Top 5 Differences between a Physiotherapist and a Chiropractor

A Physiotherapist is…

A physiotherapist is a healthcare professional who specialises in the treatment and management of a wide variety of conditions affecting the physical function of the body. They are governed by the Health and Care Professions Council (HCPC) and typically earn a three-year bachelor’s degree, or a two-year master’s degree

Physiotherapists use manual therapy, exercises, and sometimes equipment such as ultrasound or shockwave to assist patients in recovering from injury, surgery, or managing chronic conditions. They frequently work for the National Health Service (NHS) and receive referrals from GPs and consultants, but they can also work in private practice.

Physiotherapists are often synonymous with sports medicine, and most professional sports teams will have a physio as part of their team. Their focus is on rehabilitation and improving a patient’s ability to perform tasks at home and at work, and they frequently teach patients home exercises to manage their condition.

A Chiropractor is…

A chiropractor in the UK is a healthcare professional who specialises in the diagnosis, treatment, and prevention of mechanical disorders of the musculoskeletal system, with a particular emphasis on the spine. They are regulated by the General Chiropractic Council (GCC) and must complete a four to five-year degree program

Chiropractors use a range of techniques to reduce pain, improve function, and increase mobility, including hands-on manipulation of the spine. They work in private practice and patients can self-refer for treatment. While they treat a range of conditions, they are perhaps best known for their work treating back and neck pain.

Chiropractors also provide advice on exercise, diet, and lifestyle, and offer rehabilitation programmes to help prevent recurring injuries.

Let us have a look at 5 Key Differences

Education and Training:

In the UK, chiropractors are trained in a four or five-year degree program, which includes a lot of hands-on clinical experience. They do award themselves the title of Doctor of Chiropractic, although they are not a medical doctor.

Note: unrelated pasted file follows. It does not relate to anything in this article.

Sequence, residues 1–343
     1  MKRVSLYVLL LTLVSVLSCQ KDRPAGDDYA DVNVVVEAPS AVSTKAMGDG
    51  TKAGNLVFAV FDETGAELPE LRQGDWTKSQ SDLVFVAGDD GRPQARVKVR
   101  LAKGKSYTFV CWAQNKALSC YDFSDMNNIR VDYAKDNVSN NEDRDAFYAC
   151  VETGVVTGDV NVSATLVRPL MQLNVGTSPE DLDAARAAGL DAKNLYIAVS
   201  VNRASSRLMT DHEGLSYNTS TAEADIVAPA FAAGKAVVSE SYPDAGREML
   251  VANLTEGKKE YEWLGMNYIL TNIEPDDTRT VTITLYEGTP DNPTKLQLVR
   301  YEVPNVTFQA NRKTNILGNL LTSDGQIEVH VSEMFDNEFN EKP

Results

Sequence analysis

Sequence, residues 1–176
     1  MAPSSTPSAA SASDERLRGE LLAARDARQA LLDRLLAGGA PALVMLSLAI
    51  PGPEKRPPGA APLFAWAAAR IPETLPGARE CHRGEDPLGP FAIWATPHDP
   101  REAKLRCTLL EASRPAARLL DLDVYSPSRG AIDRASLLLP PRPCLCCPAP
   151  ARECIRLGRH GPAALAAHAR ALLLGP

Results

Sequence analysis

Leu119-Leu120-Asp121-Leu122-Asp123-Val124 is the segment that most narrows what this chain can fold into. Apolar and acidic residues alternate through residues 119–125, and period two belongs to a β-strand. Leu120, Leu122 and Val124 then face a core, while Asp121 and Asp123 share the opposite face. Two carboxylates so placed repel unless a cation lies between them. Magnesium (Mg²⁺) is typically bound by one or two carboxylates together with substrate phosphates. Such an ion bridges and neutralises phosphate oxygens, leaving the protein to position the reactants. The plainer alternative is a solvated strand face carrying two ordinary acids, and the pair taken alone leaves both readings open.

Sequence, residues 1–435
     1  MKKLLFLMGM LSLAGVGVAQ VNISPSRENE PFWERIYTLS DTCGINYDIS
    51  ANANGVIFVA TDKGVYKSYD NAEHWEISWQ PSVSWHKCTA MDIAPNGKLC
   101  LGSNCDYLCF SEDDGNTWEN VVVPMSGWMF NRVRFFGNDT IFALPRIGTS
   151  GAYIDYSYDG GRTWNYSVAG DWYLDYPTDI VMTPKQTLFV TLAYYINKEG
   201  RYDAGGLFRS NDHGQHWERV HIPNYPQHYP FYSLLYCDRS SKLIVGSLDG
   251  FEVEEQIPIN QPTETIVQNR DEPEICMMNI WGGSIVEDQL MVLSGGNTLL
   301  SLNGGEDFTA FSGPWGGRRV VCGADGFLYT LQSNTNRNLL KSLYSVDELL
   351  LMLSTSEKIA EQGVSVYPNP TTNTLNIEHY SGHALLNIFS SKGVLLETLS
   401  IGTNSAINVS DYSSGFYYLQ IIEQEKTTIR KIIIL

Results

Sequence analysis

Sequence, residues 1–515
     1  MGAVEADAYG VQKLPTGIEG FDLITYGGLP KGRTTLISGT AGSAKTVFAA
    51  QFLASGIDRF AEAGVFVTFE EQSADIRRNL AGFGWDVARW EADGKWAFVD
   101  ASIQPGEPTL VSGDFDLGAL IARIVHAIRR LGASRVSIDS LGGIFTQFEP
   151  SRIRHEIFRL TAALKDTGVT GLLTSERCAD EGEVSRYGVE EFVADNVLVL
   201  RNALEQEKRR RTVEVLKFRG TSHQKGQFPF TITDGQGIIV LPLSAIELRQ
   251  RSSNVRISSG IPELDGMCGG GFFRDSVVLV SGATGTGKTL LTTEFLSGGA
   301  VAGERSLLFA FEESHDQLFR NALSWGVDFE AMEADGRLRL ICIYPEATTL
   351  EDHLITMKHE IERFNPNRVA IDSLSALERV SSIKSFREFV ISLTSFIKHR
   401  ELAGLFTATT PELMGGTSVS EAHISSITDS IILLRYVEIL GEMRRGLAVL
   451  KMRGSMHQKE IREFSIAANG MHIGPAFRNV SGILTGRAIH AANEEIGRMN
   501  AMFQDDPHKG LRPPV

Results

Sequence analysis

On the other hand, physiotherapists typically complete a three-year undergraduate Batchelors degree. In some cases, physiotherapists can also become qualified by completing a two-year master’s degree. However, they would first have needed to have an undergraduate degree in a related science or sports rehabilitation.

Treatment Approach:

Chiropractors primarily use hands-on spinal manipulation and other alternative treatments. Physiotherapists tend to focus more on the specific area of injury or dysfunction. They often use exercise-based rehabilitation as a primary treatment method.

Physiotherapists often use a combination of rehabilitation, manual therapy, exercises, and equipment such as ultrasound, LASER and shockwave.

Number of sessions:

Chiropractic sessions tend to be quite short. It is quite common to have a simple thrust, to “re-align” a joint or subluxation, and that’s the session finished. This means that often chiropractors will want to see you more regularly, and over a longer period of time, with strong emphasis on purchasing treatment packages of 10 or 20 sessions in advance.

Chiropractors tend to want to see you for maintenance adjustments. Physiotherapists typically prefer to rehabilitate and that means seeing you less often, but with more emphasis on you healing yourself.

Point of Referral:

Physiotherapists often work within the NHS and GP and consultant referrals represent a high number of referrals to a physio clinic. Chiropractors often work in private practice and patients can self-refer. They tend to be recommended less by GPs in the UK, likely because chiropractors are rarely in the NHS, and are not classed as allied healthcare practitioners.

Research Base:

Physiotherapy has a larger body of research supporting its practices, due in part to its longer history and wider scope. Chiropractic, and especially manipulation/adjustments, are less well supported by research. There are significant questions asking if manipulation brings long term benefits, or simply creates long-term dependency.

Make the choice to suit YOUR needs:

The reader should be aware that there are a lot of benefits in both professions. They are both natural, holistic, and look at the body’s way to help healing. Like any profession you can get the good, the bad and the risky, so being recommended somewhere is key. Go to a clinic with a good reputation for safe and effective treatment.

If you are a patient, suffering with acute or chronic pain, please call us to discuss your case further.

We have an amazing team of therapists to help you recover from pain and achieve top performance Contact

Physiotherapist vs Chiropractor
by Laura Cattell

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